Loyola University Maryland


What Lies Upstream

Baltimore Environmental Film Series: What Lies Upstream

Monday, October 22 at 6:30 p.m., McGuire Hall East

Study Guide Prepared by Drs. Terre Ryan and Elizabeth Dahl

About the event:

Investigative filmmaker Cullen Hoback travels to West Virginia to study the loss of clean drinking water for over 300,000 Americans from the 2014 Elk River chemical spill. While there he uncovers a shocking failure of regulation and a political system where companies often write the laws that govern them. During his investigation, a similar water crisis strikes Flint, Michigan, suggesting that the system that we assume protects our drinking water is fundamentally broken. Which begs the question - is this an isolated event or can we expect further crises in other states moving forward.
The discussion of the film will be led by undergraduate students Beatrice Mills, Elizabeth Freer who participated in Spring Break Outreach Energy and Environment, graduate student Elizabeth Nawrocki who worked with the Appalachian Institute at Wheeling Jesuit, and Dr. Maria Brown, a pediatrician and public health expert.

Questions for Discussion and Reflection:

1. Environmental justice scholars tell us that poor and marginalized communities are disproportionately affected by environmental injustices, such as industrial contamination. Why do you think that might be the case? What might this tell us about the power structures of American society?
2. Shortly after the leak of MCMH into West Virginia’s Elk River, National Geographic reported that “the lack of data on MCMH is staggering.” Why would chemicals be approved for industrial use if we know so little about them?
3. In July 2010, the United Nations General Assembly stated that “clean drinking water and sanitation are essential to the realisation of all human rights.” Yet the CDC says that “780 million people [worldwide] do not have access to an improved water source.” In the United States, one study revealed that “63 million [Americans]…were exposed to unsafe water more than once in the past decade….” What does this tell us about who gets to live the good life, and why? Additional reading:
4. The Environmental Protection Agency (EPA) was established in December 1970, during the presidency of Richard M. Nixon. In 1976, Congress passed the Toxic Substances Control Act, which gave the EPA the authority to regulate use of household and industrial chemicals. However, TSCA didn’t require testing of any of the “60,000…substances that were already in use….” In 2016, Congress passed a bipartisan bill, already approved by the Senate, that updated TSCA for the first time in its 40-year history, strengthening the law. Yet the EPA’s ability to do its job waxes and wanes depending on who occupies the Oval Office. Given this, what can we do to make sure that the agency will continue to safeguard environmental health? Additional reading: https://www.theatlantic.com/health/archive/2016/05/toxic-substances-control-act/484280/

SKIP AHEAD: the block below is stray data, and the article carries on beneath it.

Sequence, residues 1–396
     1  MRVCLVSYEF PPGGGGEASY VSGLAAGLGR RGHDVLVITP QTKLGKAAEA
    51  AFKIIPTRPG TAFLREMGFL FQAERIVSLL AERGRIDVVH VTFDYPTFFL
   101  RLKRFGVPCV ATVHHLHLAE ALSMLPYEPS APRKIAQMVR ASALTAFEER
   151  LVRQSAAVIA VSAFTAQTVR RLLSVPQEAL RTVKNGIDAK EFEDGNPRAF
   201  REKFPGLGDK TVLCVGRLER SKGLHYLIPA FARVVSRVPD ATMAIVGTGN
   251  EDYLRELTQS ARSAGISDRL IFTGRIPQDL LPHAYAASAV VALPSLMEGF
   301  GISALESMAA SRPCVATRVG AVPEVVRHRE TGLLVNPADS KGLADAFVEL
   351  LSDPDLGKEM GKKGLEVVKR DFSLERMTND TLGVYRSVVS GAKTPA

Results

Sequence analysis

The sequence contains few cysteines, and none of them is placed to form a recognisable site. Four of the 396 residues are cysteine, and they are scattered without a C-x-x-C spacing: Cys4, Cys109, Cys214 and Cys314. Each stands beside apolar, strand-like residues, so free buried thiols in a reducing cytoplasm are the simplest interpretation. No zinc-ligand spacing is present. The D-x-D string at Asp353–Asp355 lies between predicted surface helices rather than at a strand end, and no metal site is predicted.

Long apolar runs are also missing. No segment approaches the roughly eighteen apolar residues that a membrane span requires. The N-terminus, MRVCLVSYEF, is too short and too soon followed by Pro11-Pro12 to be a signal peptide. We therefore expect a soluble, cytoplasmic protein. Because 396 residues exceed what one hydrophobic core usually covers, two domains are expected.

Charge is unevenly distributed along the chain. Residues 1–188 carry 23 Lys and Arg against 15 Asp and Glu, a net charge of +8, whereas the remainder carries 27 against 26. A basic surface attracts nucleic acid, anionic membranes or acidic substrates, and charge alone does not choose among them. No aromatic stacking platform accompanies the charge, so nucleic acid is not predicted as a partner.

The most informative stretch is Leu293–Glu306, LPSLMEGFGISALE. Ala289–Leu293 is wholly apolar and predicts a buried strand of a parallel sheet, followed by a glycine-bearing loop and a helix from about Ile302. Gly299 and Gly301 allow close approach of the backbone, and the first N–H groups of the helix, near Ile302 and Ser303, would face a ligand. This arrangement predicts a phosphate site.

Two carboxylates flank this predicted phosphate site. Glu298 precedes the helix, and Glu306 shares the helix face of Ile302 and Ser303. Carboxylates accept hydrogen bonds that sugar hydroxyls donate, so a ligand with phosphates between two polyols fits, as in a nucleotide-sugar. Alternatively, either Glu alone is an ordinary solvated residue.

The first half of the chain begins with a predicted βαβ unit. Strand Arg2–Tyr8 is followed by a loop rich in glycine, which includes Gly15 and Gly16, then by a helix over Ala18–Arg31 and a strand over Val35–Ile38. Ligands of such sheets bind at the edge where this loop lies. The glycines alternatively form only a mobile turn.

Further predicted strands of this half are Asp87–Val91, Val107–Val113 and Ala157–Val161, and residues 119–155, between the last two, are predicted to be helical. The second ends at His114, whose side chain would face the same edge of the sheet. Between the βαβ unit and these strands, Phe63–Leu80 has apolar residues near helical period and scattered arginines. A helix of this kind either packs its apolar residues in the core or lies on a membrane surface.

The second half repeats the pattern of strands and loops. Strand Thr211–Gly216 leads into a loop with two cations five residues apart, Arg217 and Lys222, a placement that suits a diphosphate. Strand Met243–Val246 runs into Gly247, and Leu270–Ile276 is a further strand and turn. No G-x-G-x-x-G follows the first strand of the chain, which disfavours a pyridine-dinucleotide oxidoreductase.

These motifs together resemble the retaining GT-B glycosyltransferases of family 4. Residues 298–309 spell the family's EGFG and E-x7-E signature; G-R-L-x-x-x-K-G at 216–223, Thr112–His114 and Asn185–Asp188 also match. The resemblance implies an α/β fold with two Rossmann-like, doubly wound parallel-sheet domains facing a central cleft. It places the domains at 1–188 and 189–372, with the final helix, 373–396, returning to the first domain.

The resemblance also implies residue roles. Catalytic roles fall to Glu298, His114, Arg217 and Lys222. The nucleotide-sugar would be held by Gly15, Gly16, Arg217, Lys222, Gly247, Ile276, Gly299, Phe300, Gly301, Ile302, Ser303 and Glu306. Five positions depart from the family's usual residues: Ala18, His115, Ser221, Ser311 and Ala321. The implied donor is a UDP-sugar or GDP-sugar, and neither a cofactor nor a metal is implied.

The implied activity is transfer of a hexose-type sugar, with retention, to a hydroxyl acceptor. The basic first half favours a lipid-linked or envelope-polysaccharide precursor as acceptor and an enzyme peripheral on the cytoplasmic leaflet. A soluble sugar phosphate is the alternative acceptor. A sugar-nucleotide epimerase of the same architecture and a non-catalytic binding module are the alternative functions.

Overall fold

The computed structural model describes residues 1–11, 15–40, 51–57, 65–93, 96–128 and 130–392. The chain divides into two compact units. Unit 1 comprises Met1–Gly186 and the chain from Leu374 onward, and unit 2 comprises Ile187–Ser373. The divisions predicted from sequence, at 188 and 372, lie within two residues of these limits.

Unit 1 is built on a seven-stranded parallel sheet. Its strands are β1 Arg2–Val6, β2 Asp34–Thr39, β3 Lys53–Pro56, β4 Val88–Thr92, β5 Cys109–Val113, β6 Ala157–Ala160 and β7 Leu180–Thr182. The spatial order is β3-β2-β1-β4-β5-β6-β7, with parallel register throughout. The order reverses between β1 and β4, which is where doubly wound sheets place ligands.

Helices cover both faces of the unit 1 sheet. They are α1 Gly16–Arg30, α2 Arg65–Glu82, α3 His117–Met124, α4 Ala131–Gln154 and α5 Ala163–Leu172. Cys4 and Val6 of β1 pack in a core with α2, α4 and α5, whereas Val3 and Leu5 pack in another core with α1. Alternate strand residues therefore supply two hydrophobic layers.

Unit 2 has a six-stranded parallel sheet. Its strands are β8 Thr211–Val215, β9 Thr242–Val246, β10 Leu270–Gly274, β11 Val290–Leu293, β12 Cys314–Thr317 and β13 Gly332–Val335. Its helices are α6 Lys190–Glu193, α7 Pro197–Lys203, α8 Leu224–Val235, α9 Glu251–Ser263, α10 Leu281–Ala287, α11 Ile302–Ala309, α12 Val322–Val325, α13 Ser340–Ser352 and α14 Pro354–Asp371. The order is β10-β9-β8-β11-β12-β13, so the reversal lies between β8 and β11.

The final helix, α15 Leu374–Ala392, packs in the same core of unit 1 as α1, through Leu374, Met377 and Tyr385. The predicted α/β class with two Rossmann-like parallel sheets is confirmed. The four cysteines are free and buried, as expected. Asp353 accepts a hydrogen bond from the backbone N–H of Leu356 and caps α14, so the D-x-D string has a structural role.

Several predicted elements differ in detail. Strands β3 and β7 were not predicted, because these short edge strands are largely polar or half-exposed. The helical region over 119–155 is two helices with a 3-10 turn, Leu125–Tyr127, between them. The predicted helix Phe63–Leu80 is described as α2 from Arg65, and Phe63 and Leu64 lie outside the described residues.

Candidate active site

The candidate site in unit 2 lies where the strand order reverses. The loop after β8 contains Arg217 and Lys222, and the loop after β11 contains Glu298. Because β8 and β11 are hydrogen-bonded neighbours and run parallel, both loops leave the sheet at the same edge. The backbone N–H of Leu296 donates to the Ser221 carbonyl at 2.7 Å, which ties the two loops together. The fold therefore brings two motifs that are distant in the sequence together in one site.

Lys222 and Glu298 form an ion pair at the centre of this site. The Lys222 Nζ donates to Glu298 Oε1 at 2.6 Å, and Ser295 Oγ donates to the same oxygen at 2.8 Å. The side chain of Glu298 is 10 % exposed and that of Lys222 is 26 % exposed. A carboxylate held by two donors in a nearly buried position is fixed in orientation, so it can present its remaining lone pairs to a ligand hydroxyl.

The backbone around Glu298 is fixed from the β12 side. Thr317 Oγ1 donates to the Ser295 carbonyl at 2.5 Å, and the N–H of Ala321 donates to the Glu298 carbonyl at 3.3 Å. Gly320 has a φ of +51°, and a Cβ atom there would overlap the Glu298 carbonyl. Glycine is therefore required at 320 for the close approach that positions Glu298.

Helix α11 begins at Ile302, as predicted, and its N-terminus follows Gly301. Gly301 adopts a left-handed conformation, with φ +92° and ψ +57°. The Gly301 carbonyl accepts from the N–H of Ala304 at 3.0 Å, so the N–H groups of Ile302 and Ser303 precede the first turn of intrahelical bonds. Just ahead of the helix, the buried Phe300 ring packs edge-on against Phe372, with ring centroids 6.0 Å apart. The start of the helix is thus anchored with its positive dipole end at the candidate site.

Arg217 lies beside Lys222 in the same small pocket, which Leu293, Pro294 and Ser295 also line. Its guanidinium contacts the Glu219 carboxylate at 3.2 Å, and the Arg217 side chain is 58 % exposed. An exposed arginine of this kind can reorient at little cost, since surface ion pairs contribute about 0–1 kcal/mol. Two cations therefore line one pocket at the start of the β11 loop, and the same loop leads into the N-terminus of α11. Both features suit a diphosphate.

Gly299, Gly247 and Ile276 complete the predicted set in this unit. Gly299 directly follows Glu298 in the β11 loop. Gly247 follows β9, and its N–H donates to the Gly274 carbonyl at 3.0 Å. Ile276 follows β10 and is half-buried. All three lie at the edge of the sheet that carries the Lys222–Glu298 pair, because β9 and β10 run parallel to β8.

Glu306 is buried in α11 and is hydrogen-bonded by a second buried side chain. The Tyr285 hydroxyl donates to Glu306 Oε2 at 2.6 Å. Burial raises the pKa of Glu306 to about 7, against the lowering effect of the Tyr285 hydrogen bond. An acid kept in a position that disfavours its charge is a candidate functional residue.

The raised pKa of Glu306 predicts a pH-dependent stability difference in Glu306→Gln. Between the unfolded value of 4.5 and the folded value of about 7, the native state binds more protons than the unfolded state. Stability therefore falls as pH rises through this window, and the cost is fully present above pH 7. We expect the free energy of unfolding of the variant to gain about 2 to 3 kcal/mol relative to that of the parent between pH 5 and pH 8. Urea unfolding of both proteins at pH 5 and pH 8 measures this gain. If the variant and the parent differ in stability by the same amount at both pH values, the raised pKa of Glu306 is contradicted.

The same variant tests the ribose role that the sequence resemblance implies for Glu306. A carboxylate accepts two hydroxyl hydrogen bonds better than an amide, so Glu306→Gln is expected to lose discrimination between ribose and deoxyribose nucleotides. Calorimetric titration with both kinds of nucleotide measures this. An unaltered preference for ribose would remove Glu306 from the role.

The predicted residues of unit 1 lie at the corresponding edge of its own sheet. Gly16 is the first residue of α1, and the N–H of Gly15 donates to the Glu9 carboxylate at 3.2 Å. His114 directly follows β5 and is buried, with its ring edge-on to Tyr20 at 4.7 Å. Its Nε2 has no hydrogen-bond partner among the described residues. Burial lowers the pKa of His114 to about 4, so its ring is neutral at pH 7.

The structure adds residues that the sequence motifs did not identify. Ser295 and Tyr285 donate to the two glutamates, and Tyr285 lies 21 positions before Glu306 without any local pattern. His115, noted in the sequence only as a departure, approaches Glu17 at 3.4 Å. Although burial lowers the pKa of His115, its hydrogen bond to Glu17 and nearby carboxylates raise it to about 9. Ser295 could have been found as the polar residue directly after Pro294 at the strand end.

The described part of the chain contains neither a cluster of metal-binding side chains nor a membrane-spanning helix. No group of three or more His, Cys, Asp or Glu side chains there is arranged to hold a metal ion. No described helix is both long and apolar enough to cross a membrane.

5. The Elk River chemical spill is one example of contamination of drinking water in West Virginia. Drinking water is contaminated in West Virginia all the time, but do not hear all of them. Is water pollution only a crisis when in impacts a large number of people? How do you think the industries that cause the pollution should be held responsible for the contamination they cause? Additional reading:

Resources for Further Study:

Hersher, R., Settlement Deal Reached In 2014 West Virginia Chemical Spill, NPR, October 26, 2016 https://www.npr.org/sections/thetwo-way/2016/10/26/499307717/settlement-deal-reached-in-2014-west-virginia-chemical-spill
Thomasson, E.D. et al. Acute Health Effects After the Elk River Chemical Spill, West Virginia, January 2014, Public Health Reports, 2017 Mar-Apr; 132(2): 196–202. doi: 10.1177/0033354917691257

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